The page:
The Making of the Public Mind

Table of Contents

In Essence

"Religion and the Founders" John Patrick Diggins, in Partisan Review (Summer 2001), Boston Univ., 236 Bay State Rd., Boston, Mass. 02215. Diggins reminds us that several candidates in the 2000 American presidential election made sure to let the public know that they were running with Jesus. Asked to name his favorite philosopher, George W. Bush answered "Christ." The reason? "He changed my heart." Al Gore volunteered that whenever he is faced with a difficult decision, he asks himself, "What...

"Privacy and the American Constitution" by David J. Garrow, in Social Research (Spring 2001), 65 Fifth Ave., Rm. 354, New York, N.Y. 10003.

Wade F. Horn and Douglas Tynan, in The Public Interest (Summer 2001), 11 12 16th St. N.W., Ste. 530, Washington, D.C. 20036. Before the federal government intervened in 1975, perhaps a million disabled children were being denied a public education because of their handicaps. But special education, which began as a great boon, has ballooned into a massively "costly and ineffective" program.Over the years, the program has swollen to include many students it was not designed to serve, a...

"Two—Make That Three—Cheers for the Chain Bookstores" Brooke Allen, in The Atlantic Monthly (July/Aug. 2001), 77 N. Washington St., Boston, Mass. 02114. The guardians of culture are up in arms about the rise of chain bookstores. Even Hollywood got into the act with Nora Ephron’s 1998 film You’ve Got Mail. The chains are killing off the independent shops that preserve literary culture, the critics cry, crowding out worthy books with calendars and junky bestsellers, and dumbing down America. "...



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late; they feature comfortable chairs where customers can curl up with a book, and cafés where they can chat over coffee. It’s just like heaven—or at least Manhattan.


depressing lives these people led. Even a lecturer with nothing much to say was a relief to husbands and wives who, for years, had even less to say to each other."

morphine.Another "meta-analysis," of 18 different studies, found that hypnosis, in conjunction wit11 psychotherapy, helped treat anxiety, insomnia, hypertension, and obesity. But certain other conditions such as drug addiction and alcoliolism "do not respond well" to hypnosis, says Nash.Psychologists in the late 1950s clevel- oped a series of 12 tests to measure the depth of a subject's hypnotic state. In one test, for instance, the subject is told that lie is holding a very...


than other types of food. But "in an age of abundance... that same craving can be a one-way ticket to obesity and heart disease."

"Holden Caulfield’s Legacy" David Castronovo, in New England Review (Spring 2001), Middlebury College, Middlebury, Vt. 05753. Holden Caulfield, that young despiser of "phonies," turns 50 this year but shows every sign of remaining America’s perpetual adolescent. Immensely popular when first published in 1951, J. D. Salinger’s The Catcher in the Rye has had "cultural significance and staying power beyond its literary value," observes Castronovo, the author of Edmund Wilson (1985). Like Sherwoo...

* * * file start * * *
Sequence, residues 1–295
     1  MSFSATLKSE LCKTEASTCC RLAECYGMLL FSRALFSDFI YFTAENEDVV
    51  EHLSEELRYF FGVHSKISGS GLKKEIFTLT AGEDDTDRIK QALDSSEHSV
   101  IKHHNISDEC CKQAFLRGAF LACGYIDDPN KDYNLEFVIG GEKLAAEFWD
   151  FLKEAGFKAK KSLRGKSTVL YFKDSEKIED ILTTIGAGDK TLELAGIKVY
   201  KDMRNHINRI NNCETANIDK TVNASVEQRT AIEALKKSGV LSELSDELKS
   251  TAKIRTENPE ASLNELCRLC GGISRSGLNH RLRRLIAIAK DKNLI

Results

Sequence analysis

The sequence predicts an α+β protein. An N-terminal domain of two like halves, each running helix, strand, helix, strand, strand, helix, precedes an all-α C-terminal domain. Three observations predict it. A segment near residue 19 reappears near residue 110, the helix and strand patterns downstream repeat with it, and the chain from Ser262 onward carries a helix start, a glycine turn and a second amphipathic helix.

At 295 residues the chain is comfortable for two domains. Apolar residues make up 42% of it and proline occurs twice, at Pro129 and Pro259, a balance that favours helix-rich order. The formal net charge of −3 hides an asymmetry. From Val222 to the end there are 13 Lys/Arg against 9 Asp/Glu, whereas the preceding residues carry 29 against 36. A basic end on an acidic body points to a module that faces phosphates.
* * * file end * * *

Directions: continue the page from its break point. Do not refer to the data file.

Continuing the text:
Holden at 50

"Holden Caulfield’s Legacy" by David Castronovo, in New England Review (Spring 2001), Middlebury College, Middlebury, Vt. 05753.


average healthcare standards in Russia have fallen," Åslund maintains. Indeed, the infant mortality rate fell by 17 percent between 1993 and 1998.



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their influence, as did the country’s business, labor, and intellectual elites."

ESEARCHReviews of new research at public agencies and private inst~t~~tions'Computer Exports and National Security: New Tools for a New Century.'Center for Strategic ci~~cl 20006 68 ppIntern,ition.il Studies, 1800 K St, NW, Washington, DC 1'dperb.it-k, $21 95 Author be?A LewisGince the Cold War, it's been widelyassumed that keeping high-performance computers ancl microprocessors out of the hands of potential U.S. adversaries is vital to national security. This assumption is badly o...

Book Reviews

KIERKEGA A RD: A Biography. By Alastair Hannay. Camkridge Univ. Press. 496 pp. $34.95

WAR IN A TIME OF PEACE: Bush, Clintotz, and the Gelzerals. By avid I-IalLerstam. Scribner. 544 pp. $28

Essays

In an age of ceaseless technological change, the need for historical and ethical perspective on public questions is greater than ever.

Jean Bethke Elshtain

It's easy to go on about how bad most academic writing is these days, and how it became so during the past 30 or...

Jay Tolson

In their 1940 book The Pulse of Democracy, George Gallup and Saul Rae defended a new instrument, the public...

Karlyn Bowman

Americans are said to be notoriously indifferent to the past. They are thought to be forward looking, practical,...

Wilfred M. McClay

Tony Blair is dismantling the British state as it has existed since the 18th century. Is his new Britain a fair trade for the old?

Martin Walker

The debate between national sovereignty and human rights began in earnest after World War I and continues to this day.

James Chace

One good celebration (of the Wilson Quarterly´s 25th anniversary) deserves another.

Cullen Murphy

Papa Hemingway was a star. He gambled on fame and mostly won. But the old American fear that luck might run out caught up to him, too, in the end.

Michael Malone

It takes audacity to launch any new magazine, but it took a special sort of spirit to launch a magazine like the Wilson Quarterly in 1976.